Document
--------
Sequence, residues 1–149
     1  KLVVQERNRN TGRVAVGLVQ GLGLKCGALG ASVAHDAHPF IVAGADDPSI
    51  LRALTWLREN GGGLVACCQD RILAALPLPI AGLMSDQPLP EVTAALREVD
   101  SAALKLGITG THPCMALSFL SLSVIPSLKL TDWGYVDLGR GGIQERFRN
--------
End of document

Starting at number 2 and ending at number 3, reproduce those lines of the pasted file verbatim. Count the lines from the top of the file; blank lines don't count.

     1  KLVVQERNRN TGRVAVGLVQ GLGLKCGALG ASVAHDAHPF IVAGADDPSI
    51  LRALTWLREN GGGLVACCQD RILAALPLPI AGLMSDQPLP EVTAALREVD